Holomorphy and Calculus

Useful facts: \begin{align*} f' = {\frac{\partial f}{\partial z}\,} = {1\over i}{\frac{\partial f}{\partial y}\,} = {\frac{\partial f}{\partial x}\,} = {\frac{\partial u}{\partial x}\,} + i {\frac{\partial v}{\partial x}\,} .\end{align*}

Complex Calculus

Various differentials: \begin{align*} dz &= dx + i~dy \\ d\overline{z} &= dx - i~dy \\ \\ f_z &= f_x = f_y / i .\end{align*}

Integral of a complex exponential: \begin{align*} \int_{0}^{2 \pi} e^{i \ell x} d x &=\left\{\begin{array}{ll} {2 \pi} & {\ell=0} \\ {0} & \text{else} \end{array}\right. .\end{align*}

\begin{align*} \int_{\gamma} f(z) \,dz= \int_0^{2\pi } f(Re^{i\theta}) \, iRe^{i\theta} \,d\theta .\end{align*}

\(f(z) = \sin(z), \cos(z)\) are unbounded on \({\mathbf{C}}\)! An easy way to see this: they are nonconstant and entire, thus unbounded by Liouville.

You can show \(f(z) = \sqrt{z}\) is not holomorphic by showing its integral over \(S^1\) is nonzero. This is a direct computation: \begin{align*} \int_{S^1} z^{1/2} \,dz &= \int_0^{2\pi} (e^{i\theta})^{1/2} ie^{i\theta} \,d\theta\\ &= i \int_0^{2\pi} e^{i3\theta \over 2}\,d\theta\\ &= i \qty{2\over 3i} e^{i3\theta \over 2}\Big|_{0}^{2\pi} \\ &= {2\over 3}\qty{e^{3\pi i - 1}} \\ &= -{4\over 3} .\end{align*}

Note an issue: a different parameterization yields a different (still nonzero) number \begin{align*} \cdots &= \int_{-\pi}^{\pi} (e^{i\theta})^{1/2} ie^{i\theta} \,d\theta\\ &= {2\over 3}\qty{ e^{3\pi i \over 2} - e^{-3\pi i \over 2}} \\ &= -{4i\over 3} .\end{align*} This is these are paths that don’t lift to closed loops on the Riemann surface defined by \(z\mapsto z^2\).

The function \(e^z\) is entire, so “usual” calculus using it works. For example, \begin{align*} \int e^{3x}\cos(2x) \,dx &= \Re \int e^{3z}e^{2iz}\,dz\\ &= \Re \int e^{(3+2i)z} \,dz\\ &= \Re {e^{(3+2i)z} \over 3+2i} + C \\ &= e^{2x \over 13}\qty{\cos(2x) + i\sin(2x)} .\end{align*}


Let \(f:{\mathbf{C}}\to {\mathbf{C}}\) satisfy CR and consider it as a map \(f:{\mathbf{R}}^2\to{\mathbf{R}}^2\), writing \(f(x+iy) = u(x, y) + iv(x, y)\), the Jacobian is \begin{align*} J = u_xv_y -v_x u_y = u_x^2 + v_x^2 .\end{align*} OTOH, \begin{align*} {\left\lvert {f'(z)} \right\rvert}^2 = {\left\lvert {u_x + iv_y} \right\rvert}^2 = J .\end{align*}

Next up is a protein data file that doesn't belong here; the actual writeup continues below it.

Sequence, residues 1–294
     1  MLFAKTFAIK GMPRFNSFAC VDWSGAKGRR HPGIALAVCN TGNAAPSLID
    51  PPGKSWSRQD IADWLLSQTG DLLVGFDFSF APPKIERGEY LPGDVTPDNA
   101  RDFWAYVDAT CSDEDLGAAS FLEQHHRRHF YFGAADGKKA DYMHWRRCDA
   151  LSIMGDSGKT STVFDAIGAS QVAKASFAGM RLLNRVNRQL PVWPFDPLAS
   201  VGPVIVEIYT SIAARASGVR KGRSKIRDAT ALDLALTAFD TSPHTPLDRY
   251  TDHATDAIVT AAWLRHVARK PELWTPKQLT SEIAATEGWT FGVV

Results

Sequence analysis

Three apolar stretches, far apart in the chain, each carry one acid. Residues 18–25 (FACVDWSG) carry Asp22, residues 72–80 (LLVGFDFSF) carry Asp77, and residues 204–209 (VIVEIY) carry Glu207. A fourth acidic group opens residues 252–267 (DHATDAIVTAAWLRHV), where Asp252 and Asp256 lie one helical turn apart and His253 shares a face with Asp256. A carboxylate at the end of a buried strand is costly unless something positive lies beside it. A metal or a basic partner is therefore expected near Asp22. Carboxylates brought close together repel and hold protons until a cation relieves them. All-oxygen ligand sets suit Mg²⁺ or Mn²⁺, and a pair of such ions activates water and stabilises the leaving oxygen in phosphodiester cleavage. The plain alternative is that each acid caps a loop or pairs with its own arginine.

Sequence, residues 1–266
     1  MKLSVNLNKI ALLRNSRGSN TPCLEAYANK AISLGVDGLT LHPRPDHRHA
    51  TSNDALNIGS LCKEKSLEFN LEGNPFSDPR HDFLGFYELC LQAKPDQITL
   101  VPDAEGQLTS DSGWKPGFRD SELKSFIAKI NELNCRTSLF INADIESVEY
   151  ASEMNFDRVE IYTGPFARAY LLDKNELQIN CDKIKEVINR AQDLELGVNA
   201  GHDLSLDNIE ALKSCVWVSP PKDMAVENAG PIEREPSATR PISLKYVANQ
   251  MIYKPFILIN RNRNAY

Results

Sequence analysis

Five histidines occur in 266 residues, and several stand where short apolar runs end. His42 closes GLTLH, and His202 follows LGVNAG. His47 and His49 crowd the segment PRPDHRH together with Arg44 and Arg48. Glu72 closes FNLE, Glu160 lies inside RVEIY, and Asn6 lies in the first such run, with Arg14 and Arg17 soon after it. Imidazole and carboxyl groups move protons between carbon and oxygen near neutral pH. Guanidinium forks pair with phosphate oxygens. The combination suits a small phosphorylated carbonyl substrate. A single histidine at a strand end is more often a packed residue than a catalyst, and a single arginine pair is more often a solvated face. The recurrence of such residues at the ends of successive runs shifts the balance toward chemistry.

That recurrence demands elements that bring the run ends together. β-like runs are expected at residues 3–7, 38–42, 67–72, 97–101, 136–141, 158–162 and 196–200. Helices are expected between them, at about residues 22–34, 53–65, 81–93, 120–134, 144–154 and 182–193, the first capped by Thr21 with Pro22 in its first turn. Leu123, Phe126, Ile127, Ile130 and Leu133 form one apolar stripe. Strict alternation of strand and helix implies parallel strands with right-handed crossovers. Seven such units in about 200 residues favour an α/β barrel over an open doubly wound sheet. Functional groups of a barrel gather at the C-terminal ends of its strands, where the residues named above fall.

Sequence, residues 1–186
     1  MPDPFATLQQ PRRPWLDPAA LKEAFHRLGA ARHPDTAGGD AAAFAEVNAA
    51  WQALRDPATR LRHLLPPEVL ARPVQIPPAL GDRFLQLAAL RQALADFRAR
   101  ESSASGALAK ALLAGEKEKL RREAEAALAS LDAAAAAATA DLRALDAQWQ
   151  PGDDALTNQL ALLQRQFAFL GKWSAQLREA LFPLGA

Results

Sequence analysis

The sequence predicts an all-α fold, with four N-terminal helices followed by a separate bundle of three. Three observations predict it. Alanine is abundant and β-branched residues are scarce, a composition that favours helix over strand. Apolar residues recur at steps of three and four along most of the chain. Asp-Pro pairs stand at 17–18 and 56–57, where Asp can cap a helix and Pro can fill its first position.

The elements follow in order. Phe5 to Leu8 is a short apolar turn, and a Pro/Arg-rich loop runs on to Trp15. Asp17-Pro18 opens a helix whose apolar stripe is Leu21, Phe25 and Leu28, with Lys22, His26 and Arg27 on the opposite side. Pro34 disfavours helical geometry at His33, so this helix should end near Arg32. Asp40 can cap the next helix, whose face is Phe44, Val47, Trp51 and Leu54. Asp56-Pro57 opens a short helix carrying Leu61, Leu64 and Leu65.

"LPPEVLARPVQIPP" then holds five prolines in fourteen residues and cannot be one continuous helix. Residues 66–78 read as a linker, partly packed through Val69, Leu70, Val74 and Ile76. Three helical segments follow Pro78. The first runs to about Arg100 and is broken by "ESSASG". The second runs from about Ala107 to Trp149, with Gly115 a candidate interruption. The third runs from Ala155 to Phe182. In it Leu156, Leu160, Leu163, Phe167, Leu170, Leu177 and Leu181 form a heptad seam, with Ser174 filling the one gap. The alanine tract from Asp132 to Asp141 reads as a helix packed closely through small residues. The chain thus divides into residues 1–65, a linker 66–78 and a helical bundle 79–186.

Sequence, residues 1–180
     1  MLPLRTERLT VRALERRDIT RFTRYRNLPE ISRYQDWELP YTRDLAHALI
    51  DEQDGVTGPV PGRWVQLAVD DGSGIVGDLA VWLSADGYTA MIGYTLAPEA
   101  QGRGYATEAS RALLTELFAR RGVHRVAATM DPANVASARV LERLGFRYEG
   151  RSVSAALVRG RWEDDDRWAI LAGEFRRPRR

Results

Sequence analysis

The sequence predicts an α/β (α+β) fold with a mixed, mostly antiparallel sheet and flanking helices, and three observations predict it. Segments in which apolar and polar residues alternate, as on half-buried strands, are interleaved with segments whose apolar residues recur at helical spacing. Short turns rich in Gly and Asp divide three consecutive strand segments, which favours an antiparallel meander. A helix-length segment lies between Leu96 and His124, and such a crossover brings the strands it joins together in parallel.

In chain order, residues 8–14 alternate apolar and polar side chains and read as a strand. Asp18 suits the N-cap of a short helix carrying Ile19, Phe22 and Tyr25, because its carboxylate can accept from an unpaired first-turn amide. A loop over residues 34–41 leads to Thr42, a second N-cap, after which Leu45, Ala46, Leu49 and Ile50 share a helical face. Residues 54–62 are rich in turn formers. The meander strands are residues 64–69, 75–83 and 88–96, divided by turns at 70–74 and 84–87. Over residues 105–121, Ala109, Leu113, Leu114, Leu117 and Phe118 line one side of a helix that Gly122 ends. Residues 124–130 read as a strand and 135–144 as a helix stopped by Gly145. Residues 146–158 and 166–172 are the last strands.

A function \(f: {\mathbf{C}}\to {\mathbf{C}}\) is complex differentiable or holomorphic at \(z_0\) iff the following limit exists: \begin{align*} \lim_{h\to 0} { f(z_0 + h) - f(h) \over h } .\end{align*} A function that is holomorphic on \({\mathbf{C}}\) is said to be entire.

Equivalently, there exists an \(\alpha\in {\mathbf{C}}\) such that \begin{align*} f(z_0+h) - f(z_0) = \alpha h + R(h) && R(h) \overset{h\to 0}\longrightarrow 0 .\end{align*} In this case, \(\alpha = f'(z_0)\).

  • \(f(z) \coloneqq{\left\lvert {z} \right\rvert}\) is not holomorphic.
  • \(f(z) \coloneqq\arg{z}\) is not holomorphic.
  • \(f(z) \coloneqq\Re{z}\) is not holomorphic.
  • \(f(z) \coloneqq\Im{z}\) is not holomorphic.
  • \(f(z) = {1\over z}\) is holomorphic on \({\mathbf{C}}\setminus\left\{{0}\right\}\) but not holomorphic on \({\mathbf{C}}\)
  • \(f(z) = \overline{z}\) is not holomorphic, but is real differentiable: \begin{align*} {f(z_0 + h) - f(z_0) \over h } = {\overline{z_0} + \overline{h} - \overline{z_0} \over h} = {\overline{h} \over h} = {re^{-i\theta} \over re^{i\theta}} = e^{-2i\theta} \overset{h\to 0}\longrightarrow e^{-2i\theta} ,\end{align*} which is a complex number that depends on \(\theta\) and is thus not a single value.